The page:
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Natural sea-salt emissions moderate the climate forcing of anthropogenic nitrate

Research output: Contribution to journalJournal articlepeer-review

  • Y. Chen
  • Y. Cheng
  • N. Ma
  • C. Wei
  • L. Ran
  • R. Wolke
  • J. Größ
  • Q. Wang
  • A. Pozzer
  • H.A.C.D. Van Der Gon
  • G. Spindler
  • J. Lelieveld
  • I. Tegen
  • H. Su
  • A. Wiedensohler
<mark>Journal publication date</mark>22/01/2020
<mark>Journal</mark>Atmospheric Chemistry and Physics
Issue number2
Number of pages16
Pages (from-to)771-786
Publication StatusPublished
<mark>Original language</mark>English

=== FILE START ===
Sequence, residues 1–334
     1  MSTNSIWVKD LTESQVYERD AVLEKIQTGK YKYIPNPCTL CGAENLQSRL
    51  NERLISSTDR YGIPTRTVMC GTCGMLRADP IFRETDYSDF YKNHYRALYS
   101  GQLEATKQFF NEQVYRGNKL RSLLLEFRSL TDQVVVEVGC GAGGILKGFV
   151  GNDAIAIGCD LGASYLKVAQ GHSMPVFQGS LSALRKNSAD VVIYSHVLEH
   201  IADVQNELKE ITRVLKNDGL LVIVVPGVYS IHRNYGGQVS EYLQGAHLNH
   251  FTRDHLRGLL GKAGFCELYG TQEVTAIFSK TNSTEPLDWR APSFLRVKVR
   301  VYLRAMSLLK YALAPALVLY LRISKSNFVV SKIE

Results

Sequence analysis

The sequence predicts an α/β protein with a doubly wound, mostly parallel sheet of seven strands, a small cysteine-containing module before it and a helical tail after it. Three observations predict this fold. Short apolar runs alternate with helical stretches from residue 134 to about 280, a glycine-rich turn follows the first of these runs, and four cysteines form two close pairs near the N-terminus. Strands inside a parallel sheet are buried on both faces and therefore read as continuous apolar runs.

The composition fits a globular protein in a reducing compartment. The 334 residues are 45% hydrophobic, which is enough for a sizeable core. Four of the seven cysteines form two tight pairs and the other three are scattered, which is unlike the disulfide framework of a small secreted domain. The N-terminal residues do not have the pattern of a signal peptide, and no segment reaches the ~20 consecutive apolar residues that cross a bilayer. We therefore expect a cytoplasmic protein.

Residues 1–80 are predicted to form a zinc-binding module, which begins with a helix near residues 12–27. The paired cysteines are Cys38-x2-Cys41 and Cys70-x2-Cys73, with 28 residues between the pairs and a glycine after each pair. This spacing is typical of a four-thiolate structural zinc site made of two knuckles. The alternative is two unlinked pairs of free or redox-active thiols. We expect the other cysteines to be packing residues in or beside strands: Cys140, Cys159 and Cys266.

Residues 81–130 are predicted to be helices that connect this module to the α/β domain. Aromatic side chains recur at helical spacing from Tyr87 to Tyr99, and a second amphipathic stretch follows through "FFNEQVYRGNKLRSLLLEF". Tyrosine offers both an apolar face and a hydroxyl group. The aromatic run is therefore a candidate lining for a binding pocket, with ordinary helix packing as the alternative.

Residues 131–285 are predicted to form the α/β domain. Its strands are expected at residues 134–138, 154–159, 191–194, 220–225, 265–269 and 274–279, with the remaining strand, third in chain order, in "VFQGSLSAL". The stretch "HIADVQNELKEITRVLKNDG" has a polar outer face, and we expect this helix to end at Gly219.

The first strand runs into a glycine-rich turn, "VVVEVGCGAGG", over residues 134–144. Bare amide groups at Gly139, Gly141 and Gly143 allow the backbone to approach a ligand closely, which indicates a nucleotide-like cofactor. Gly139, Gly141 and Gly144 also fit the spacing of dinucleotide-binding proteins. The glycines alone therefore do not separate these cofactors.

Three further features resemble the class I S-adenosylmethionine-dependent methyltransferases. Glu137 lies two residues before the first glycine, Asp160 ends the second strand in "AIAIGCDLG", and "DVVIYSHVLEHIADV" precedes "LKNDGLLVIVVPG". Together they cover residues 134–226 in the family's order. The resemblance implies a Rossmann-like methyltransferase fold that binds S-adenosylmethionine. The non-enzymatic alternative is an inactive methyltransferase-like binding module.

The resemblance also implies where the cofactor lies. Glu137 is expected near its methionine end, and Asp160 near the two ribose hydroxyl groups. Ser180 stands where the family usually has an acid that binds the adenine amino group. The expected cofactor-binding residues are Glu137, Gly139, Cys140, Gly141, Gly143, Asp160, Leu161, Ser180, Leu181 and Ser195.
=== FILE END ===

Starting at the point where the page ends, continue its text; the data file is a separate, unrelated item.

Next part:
Natural sea-salt aerosols, when interacting with anthropogenic emissions, can enhance the formation of particulate nitrate. This enhancement has been suggested to increase the direct radiative forcing of nitrate, called the “mass-enhancement effect”. Through a size-resolved dynamic mass transfer modeling approach, we show that interactions with sea salt shift the nitrate from sub- to super-micron-sized particles (“redistribution effect”), and hence this lowers its efficiency for light extinction and reduces its lifetime. The redistribution effect overwhelms the mass-enhancement effect and significantly moderates nitrate cooling; e.g., the nitrate-associated aerosol optical depth can be reduced by 10 %–20 % over European polluted regions during a typical sea-salt event, in contrast to an increase by ∼10 % when only accounting for the mass-enhancement effect. Global model simulations indicate significant redistribution over coastal and offshore regions worldwide. Our study suggests a strong buffering by natural sea-salt aerosols that reduces the climate forcing of anthropogenic nitrate, which had been expected to dominate the aerosol cooling by the end of the century. Comprehensive considerations of this redistribution effect foster better understandings of climate change and nitrogen deposition.